David Riegel

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Author, David L. Riegel

David Lee Riegel (12 Dec 1931 - 12 Apr 2019) was an independent writer and researcher on the topic of sexually expressed boy/older male relationships, and an advocate of what he describes as Responsible Boylove. Riegel is known for a small number of self-published books, journal articles and the mild controversy surrounding them. Due to his behavior on Bulletin Boards, Riegel achieved what can be described as inverse cult status[1].


In 1999, after already having retired twice from dissimilar fields, Riegel - as a member of the online Boylove community, was recruited by a McGraw Hill textbook editor to submit an essay on the Rind controversy. This was accepted by the editor but withheld from publication by the management until 2005. In 2000, he published the first of his four paperback books.[2] In cooperation with several others on the now-defunct SafeHaven forum, Riegel developed a Philosophy of Responsible Boylove,[3] which is hosted on SafeHaven Foundation.

BoyLove Media Watch and Review was a little-used but influential journalistic watchdog site operated by Riegel and another volunteer. BLMW encouraged its readers to politely lobby journalists after they published articles on boys' sexual relationships with older males. As more and more news sites began to host comment sections, the project achieved genuine wide scale successes, after numerous readers were encouraged to make contributions. However, an onslaught of less sympathetic comments disturbed Riegel so much that he published disclaimers on BLMW (linking to it from articles on which he commented), and soon pulled the project altogether. Soon after, Riegel planned to publish a Journal of the Sexuality of Boys, but this attracted little interest, and was pulled like its predecessor.

One of Riegel's last websites was Peer Support Exchange[4], which seeked to connect "Boy-Attracted Pedosexual Males" (BAPMs) with one another. The site has been intensively promoted by Riegel on the BoyChat bulletin board.


Whilst the nature of Riegel's work is widely understood to be polemical and advocative in nature, Riegel himself has been uncomfortable with this perception. A small number of mainstream and academic articles by parties as disparate as Dallam and Yuill, have described Riegel as an advocate of pederasty. Whilst he was happy to describe himself as an advocate, Riegel disputed the validity of terms such as pedophilia and pederasty, often perceiving criticisms of his theories as ad hominem attacks.


A small number of academics have criticized Riegel from a non-victimological perspective, most notably Richard Yuill. Queer and Foucaldian critical analysts such as Yuill describe Riegel's philosophy as overly rigid and dogmatic. They allege that Riegel is proposing as many "oughts" for men and boys, as there are currently "ought nots", that he has little-to-no understanding of queer theory, and that he neglects the rights of women and girls.

In addition to this, Riegel made clearly misogynistic and ageist comments on webforums:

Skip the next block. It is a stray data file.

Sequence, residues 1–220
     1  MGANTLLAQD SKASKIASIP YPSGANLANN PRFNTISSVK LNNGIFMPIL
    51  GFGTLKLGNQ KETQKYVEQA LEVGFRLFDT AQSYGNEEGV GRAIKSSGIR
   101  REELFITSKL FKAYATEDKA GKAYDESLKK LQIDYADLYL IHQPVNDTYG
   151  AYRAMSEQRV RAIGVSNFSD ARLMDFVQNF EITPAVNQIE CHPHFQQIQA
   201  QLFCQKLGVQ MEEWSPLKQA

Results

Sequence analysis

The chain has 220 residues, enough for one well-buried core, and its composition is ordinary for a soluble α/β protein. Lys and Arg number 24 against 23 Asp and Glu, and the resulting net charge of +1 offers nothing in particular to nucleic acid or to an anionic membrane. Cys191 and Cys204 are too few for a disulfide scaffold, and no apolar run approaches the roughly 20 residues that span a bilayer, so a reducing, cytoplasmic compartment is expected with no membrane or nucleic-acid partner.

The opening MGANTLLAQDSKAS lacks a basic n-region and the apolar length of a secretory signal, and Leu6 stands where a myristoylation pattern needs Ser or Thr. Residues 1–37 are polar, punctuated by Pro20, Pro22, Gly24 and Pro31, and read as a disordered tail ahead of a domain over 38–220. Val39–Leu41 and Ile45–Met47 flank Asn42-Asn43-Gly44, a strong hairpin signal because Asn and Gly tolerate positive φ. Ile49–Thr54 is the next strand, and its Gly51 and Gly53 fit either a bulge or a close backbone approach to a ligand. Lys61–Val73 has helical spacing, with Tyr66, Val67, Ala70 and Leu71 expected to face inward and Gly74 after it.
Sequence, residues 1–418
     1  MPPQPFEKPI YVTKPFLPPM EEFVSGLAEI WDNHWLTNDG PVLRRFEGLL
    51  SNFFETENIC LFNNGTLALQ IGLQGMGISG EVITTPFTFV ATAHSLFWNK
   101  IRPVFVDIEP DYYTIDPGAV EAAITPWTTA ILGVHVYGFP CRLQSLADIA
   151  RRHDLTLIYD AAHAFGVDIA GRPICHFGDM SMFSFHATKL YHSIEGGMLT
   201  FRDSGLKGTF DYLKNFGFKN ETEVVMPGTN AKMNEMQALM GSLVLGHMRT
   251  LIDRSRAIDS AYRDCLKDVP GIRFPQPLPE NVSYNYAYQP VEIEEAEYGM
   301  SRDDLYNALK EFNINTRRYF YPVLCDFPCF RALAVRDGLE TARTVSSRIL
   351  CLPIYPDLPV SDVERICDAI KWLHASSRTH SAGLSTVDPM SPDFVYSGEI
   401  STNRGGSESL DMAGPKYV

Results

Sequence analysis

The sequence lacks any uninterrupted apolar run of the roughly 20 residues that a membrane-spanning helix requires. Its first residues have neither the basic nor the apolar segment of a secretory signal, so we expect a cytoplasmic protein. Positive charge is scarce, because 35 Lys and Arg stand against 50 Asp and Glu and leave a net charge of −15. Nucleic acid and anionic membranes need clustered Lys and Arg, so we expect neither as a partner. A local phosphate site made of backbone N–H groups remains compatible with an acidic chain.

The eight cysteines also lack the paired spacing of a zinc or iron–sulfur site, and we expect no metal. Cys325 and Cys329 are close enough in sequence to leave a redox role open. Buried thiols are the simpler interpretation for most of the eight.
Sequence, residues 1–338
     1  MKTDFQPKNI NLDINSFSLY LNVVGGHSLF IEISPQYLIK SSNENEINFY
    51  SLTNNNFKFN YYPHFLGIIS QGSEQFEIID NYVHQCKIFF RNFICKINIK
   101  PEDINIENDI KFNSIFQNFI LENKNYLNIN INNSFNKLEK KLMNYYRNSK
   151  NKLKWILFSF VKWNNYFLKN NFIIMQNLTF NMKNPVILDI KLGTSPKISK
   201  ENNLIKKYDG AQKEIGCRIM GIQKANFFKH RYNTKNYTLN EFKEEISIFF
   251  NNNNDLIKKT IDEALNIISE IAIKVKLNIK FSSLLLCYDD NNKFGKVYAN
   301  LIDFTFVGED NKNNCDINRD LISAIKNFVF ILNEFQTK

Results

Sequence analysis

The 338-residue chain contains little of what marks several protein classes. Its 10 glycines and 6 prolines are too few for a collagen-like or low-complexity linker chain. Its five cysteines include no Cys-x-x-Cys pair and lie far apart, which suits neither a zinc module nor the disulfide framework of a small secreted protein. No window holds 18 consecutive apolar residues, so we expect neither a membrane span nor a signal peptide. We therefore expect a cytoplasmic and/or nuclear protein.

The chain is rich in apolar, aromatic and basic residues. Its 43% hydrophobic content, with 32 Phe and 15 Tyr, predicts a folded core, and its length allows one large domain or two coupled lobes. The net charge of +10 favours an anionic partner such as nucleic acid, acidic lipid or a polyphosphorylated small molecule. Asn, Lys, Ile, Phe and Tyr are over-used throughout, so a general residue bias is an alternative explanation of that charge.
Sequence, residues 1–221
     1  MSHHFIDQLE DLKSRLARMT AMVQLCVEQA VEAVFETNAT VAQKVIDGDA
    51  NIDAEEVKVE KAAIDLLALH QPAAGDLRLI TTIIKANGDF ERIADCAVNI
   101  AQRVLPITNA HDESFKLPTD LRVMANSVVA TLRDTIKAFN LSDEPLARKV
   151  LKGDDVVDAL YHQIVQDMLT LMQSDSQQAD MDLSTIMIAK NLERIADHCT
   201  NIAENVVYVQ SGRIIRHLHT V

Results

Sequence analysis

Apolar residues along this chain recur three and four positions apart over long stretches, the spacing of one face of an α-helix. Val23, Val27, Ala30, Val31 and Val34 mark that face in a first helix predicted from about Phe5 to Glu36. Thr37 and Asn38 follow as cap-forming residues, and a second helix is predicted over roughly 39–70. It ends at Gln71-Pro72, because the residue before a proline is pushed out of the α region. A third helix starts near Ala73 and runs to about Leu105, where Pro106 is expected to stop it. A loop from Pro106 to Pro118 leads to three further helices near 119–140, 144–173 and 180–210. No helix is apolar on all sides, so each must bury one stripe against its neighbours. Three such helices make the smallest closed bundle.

As I have pointed out before, as a woman you have no experience at being a boy, and consequently are incapable of empathizing with, or understanding, a boy's sexual interests. I would further note that as a woman you have no legitimate roll to play in discussing the issues of boyhood sexuality.


The notion of "youth rights" has been around for many decades, and in many forms, e.g., schools where children were supposed to make decisions about social order, subjects to be studied, etc. These schools and similar movements have all failed, and "youth rights" have never materialized, because in reality, children do not have the experience to make informed decisions on matters which are not intrinsic to them.

Sexual interest and desire, on the other hand, and especially boyhood sexuality, which tends to be more overt and active than that of girls, are, in fact, intrinsic qualities and behaviors. As such, they do not need to be encouraged or taught to boys, indeed, the principal thrust of our sexually misopedic society is to suppress these intrinsic qualities and behaviors.


Behaviour on discussion boards

Riegel frequently used boylove-related internet message boards to advance his ideas. Here, he seeked to publicize his books and websites, using multiple nicknames such as Researcher, Bridgebuilder and Passer By on BoyChat. Riegel's intensive strategy was often criticized, most notably when he used one identity to support the other. Rather comically, and much to the bemusement of onlookers, Riegel was allowed to get away with responding to his own comments due to a loophole in the BoyChat rules - namely that for others to "link identities" is expressly prohibited for security reasons.

Opponents also allege that he had a tendency to insult others when his opinions and purported credentials were challenged.


Among the more spurious attacks to have been directed at Riegel, are those relating to his age. Riegel took up writing on his chosen topic after many decades of his life had elapsed. This perhaps helps demonstrate how hard it is for younger authors with fresh postgraduate degrees to write on related topics, when the risk remains that they may be discredited or even raided by police.

See also


External links, including publications


Are you interested in receiving an almost complete collection of David Riegel's works? We are happy to share our archive via email - strategist@yesmap.net